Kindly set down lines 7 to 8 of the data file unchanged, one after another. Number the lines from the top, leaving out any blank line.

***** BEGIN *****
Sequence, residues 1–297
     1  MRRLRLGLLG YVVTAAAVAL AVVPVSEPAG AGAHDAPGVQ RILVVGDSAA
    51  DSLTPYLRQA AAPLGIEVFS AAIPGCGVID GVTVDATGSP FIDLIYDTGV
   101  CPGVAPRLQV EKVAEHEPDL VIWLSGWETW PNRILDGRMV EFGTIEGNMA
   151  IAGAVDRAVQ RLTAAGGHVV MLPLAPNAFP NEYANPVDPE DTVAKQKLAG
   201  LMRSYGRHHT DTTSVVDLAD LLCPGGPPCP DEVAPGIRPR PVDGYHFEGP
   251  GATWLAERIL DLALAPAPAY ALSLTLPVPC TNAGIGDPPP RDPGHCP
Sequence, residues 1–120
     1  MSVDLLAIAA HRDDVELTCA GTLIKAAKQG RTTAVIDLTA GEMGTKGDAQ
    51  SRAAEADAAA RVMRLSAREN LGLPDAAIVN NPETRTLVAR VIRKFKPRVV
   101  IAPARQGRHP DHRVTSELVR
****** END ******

   251  GATWLAERIL DLALAPAPAY ALSLTLPVPC TNAGIGDPPP RDPGHCP
Sequence, residues 1–120